Democrats stage nice, wonky, boring debate

McClatchy NewspapersDecember 13, 2007 

US NEWS DEMS-DEBATE 1 TB

The Democratic candidates walk out on stage at the start of the debate in Johnston, Iowa.

TOM GRALISH — Tom Gralish / Philadelphia Inquirer

JOHNSTON, Iowa — The Democratic presidential candidates made nice for the television cameras during a polite debate Thursday — while the two top candidates dealt offstage with the latest fallout from their close contest for the nomination.

The 90-minute debate was the last chance for the six major candidates to face one another before voting starts in Iowa on Jan. 3.

With three candidates neck and neck and neck for first place in the state — Sen. Hillary Clinton of New York, Sen. Barack Obama of Illinois, and former Sen. John Edwards of North Carolina — none dared personally attack a rival for fear of a backlash from Iowa voters. Thus this "debate" did little to alter the shape of the campaign.

Off camera, however, the campaigns continued to wrestle, as Clinton's campaign looked for ways to slow Obama's momentum, which has washed away Clinton's narrow lead in Iowa and her larger lead in New Hampshire.

A day after Clinton's national campaign co-chairman called attention to Obama's admitted use of illegal drugs as a teen, Clinton apologized to her Senate colleague.

The apology came Thursday morning as both prepared to board their private jets at Washington's Reagan National Airport to fly to Iowa for the debate. Obama strategist David Axelrod said that Clinton sent an aide over first to say she wanted to speak to Obama, then she walked over herself.

Clinton, who earlier had called this the "fun part" of the campaign, told Obama she didn't authorize or approve of the comments from her co-chairman, Bill Shaheen.

While Axelrod said that Obama accepted the apology, he said the senator also delivered a strong message to Clinton.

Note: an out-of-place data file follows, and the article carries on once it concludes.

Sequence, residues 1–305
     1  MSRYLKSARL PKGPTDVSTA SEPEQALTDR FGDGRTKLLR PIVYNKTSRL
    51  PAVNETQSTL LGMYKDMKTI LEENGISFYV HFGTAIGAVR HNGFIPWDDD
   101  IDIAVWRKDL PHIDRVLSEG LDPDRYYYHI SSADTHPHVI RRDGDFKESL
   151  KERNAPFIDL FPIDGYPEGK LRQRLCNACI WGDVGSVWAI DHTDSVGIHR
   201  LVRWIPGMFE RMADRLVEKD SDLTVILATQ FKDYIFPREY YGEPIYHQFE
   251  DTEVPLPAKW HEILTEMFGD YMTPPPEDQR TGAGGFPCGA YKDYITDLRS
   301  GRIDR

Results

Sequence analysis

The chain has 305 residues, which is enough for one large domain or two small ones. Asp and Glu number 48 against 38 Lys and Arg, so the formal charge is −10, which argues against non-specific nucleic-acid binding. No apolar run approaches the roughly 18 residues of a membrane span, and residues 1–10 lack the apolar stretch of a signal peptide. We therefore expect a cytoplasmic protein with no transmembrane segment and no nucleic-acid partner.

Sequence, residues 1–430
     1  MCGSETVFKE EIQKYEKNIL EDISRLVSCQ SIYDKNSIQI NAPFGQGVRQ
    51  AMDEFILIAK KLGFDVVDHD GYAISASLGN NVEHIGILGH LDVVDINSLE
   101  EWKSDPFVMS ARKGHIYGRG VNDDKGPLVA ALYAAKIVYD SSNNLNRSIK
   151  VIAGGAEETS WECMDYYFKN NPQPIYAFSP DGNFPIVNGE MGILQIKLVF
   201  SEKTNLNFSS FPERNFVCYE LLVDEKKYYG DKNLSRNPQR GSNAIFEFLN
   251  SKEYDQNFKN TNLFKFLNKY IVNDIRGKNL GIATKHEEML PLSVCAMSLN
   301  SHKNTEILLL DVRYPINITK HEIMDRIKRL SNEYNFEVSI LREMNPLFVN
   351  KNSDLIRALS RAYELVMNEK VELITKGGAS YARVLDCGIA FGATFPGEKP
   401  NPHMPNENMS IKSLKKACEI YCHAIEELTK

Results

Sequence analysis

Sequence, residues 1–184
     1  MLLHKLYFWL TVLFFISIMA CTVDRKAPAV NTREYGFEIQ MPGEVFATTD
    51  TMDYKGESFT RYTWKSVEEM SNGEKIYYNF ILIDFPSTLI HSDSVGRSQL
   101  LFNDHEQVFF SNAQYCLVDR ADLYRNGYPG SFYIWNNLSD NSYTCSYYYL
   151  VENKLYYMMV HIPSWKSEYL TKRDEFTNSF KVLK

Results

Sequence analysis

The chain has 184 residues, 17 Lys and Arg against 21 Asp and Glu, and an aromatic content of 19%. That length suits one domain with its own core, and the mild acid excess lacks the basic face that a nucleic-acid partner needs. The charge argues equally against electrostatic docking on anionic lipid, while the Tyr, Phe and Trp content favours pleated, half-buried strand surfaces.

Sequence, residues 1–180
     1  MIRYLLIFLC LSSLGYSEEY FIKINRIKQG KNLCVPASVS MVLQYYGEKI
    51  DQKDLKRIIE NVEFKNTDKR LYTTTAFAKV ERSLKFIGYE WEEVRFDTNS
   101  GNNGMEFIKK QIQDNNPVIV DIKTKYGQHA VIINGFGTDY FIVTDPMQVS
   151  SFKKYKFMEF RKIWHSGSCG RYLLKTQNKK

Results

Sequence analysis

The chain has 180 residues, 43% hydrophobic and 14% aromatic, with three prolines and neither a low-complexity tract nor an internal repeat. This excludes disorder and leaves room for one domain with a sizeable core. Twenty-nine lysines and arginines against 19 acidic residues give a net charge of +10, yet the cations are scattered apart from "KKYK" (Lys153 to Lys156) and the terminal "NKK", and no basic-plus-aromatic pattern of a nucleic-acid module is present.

"What Senator Obama expressed to Senator Clinton is that it's important we send a message to our campaign up and down the line: It's not fun, this is not sport, to try and attack opponents in these kinds of ways," Axelrod said. "You've got to send that signal from the top."

Later Thursday, Shaheen resigned as Clinton's campaign co-chairman. The campaign issued a statement in his name, which said in part: ""I would like to reiterate that I deeply regret my comments yesterday and say again that they were in no way authorized by Senator Clinton or the Clinton campaign."

The debate offered only one exchange between Clinton and Obama.

When the moderator asked Obama how he, a novice at foreign policy, would foster change when he's relying on advice from several of former President Bill Clinton's foreign-policy advisers, Hillary Clinton spoke up from across the stage.

"I want to hear that," she said, then erupted into loud laughter.

"Well, Hillary," Obama responded, "I'm looking forward to you advising me as well."

Throughout the rest of the debate, the candidates all tended to agree with one another, but drew stark contrasts to Republicans by proposing tax increases on the wealthy and spending cuts for the Pentagon.

Several Democrats said they'd raise taxes on the wealthiest Americans by rescinding the tax cuts they received under President Bush with bipartisan support in Congress.

"I want to restore the tax rates that we had in the '90s," said Clinton. "That means raising taxes on corporations and wealthy individuals. I want to keep the middle-class tax cuts."

Obama said he'd close tax loopholes, mentioning one building in the Cayman Islands that's the home address for 12,000 businesses. "Now, that's either the biggest building in the world or the biggest tax scam in the world, and I think we know which one it is," he said.

He said he'd use the cash to pay for a payroll tax cut for those making less than $75,000 a year.

Sen. Joseph Biden of Delaware said he would raise taxes on the wealthiest 1 percent. "You can put more into the government by close to $150 billion in tax cuts going to people who don't need them, will not affect the economy, and they didn't ask for them."

Most would use the higher taxes to finance new government spending, not to reduce the federal budget deficit. Only one candidate, New Mexico Gov. Bill Richardson, said he'd try to balance the federal budget.

"It would be a major priority of mine," Richardson said, adding that he'd cut $73 billion in corporate "welfare" and $57 billion in military spending, end congressional pork-barrel spending and push for a constitutional amendment requiring a balanced budget.

Others made it a low priority.

"We are not going to be able to dig ourselves out of that hole in one or two years," said Obama.

"Fiscal responsibility is a very high priority for me," Clinton said. But she offered only vague proposals to cut use of private contractors, close unspecified tax loopholes and curb health care costs. "You can't do it in a year; it'll take time," Clinton said.

Biden said he'd cut $20 billion a year from the Pentagon's budget, including the F-22, the Nimitz-class destroyer, a proposed missile defense system and a new atomic weapon. He said he'd use the money for education, health care and the environment as well as to cut the federal deficit.

McClatchy Newspapers 2007

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